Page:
Autonomous administrative division

States with at least one area labelled "autonomous" or defined as such by law

An autonomous administrative division (also referred to as an autonomous area, entity, unit, region, subdivision, or territory) is a subnational administrative division or internal territory of a sovereign state that has a degree of autonomyself-governance — under the national government. Autonomous areas are distinct from the constituent units of a federation (e.g. a state, or province) in that they possess unique powers for their given circumstances. Typically, it is either geographically distinct from the rest of the state or populated by a national minority. Decentralization of self-governing powers and functions to such divisions is a way for a national government to try to increase democratic participation or administrative efficiency or to defuse internal conflicts. States that include autonomous areas may be federacies, federations, or confederations. Autonomous areas can be divided into territorial autonomies, subregional territorial autonomies, and local autonomies.

Other autonomous regions include, Somaliland, Puntland, Jubaland, Ethiopian Controlled Somalia, The Netherlands (part of the Kingdom of the Netherlands), Aruba (Kingdom of the Netherlands), Curaçao (Kingdom of the Netherlands), and Saint Maarten (Kingdom of the Netherlands).

Guernsey, the Isle of Man, and Jersey are self-governing Crown dependencies which are not part of the United Kingdom; however, the UK is responsible for their defence and international affairs. Gibraltar is a self-governing overseas territory of the UK. Most of the other 13 British Overseas Territories also have autonomy in internal affairs through local legislatures.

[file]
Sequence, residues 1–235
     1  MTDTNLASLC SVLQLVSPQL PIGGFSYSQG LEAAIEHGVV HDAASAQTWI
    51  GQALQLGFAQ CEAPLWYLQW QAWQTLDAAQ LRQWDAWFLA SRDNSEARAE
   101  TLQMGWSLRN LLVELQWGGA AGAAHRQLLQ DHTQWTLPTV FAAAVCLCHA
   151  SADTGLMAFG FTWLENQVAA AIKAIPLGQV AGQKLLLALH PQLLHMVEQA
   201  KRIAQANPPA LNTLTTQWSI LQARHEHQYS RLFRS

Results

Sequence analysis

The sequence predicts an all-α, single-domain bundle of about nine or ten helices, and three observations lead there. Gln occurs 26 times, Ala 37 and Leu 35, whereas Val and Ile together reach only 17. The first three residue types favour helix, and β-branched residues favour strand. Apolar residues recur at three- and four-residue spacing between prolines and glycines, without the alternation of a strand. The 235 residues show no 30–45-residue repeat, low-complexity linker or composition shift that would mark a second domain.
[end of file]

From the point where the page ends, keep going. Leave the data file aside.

Aruba, Curaçao, and Sint Maarten are autonomous countries within the Kingdom of the Netherlands, each with their own parliament. In addition they enjoy autonomy in taxation matters as well as having their own currencies.

The French Constitution recognises three autonomous jurisdictions. Corsica, a region of France, enjoys a greater degree of autonomy on matters such as tax and education compared to mainland regions. New Caledonia, a sui generis collectivity, and French Polynesia, an overseas collectivity, are highly autonomous territories with their own government, legislature, currency and constitution. They do not, however, have legislative powers for policy areas relating to law and order, defense, border control or university education. Other smaller overseas collectivities have a lesser degree of autonomy through local legislatures. The five overseas regions, French Guiana, Guadeloupe, Martinique, Mayotte, and Réunion, are generally governed the same as mainland regions; however, they enjoy some additional powers, including certain legislative powers for devolved areas.

New Zealand maintains nominal sovereignty over three Pacific Island nations. The Cook Islands and Niue are self-governing countries in free association with New Zealand that maintain some international relationships in their own name. Tokelau remains an autonomous dependency of New Zealand. The Chatham Islands—despite having the designation of Territory—is an integral part of the country, situated within the New Zealand archipelago. The territory's council is not autonomous and has broadly the same powers as other local councils, although notably it can also charge levies on goods entering or leaving the islands.[3]

In Ethiopia, "special woredas" are a subgroup of woredas (districts) that are organized around the traditional homelands of an ethnic minority, and are outside the usual hierarchy of a kilil, or region. These woredas have many similarities to autonomous areas in other countries.

Other areas that are autonomous in nature but not in name are areas designated for indigenous peoples, such as those of the Americas: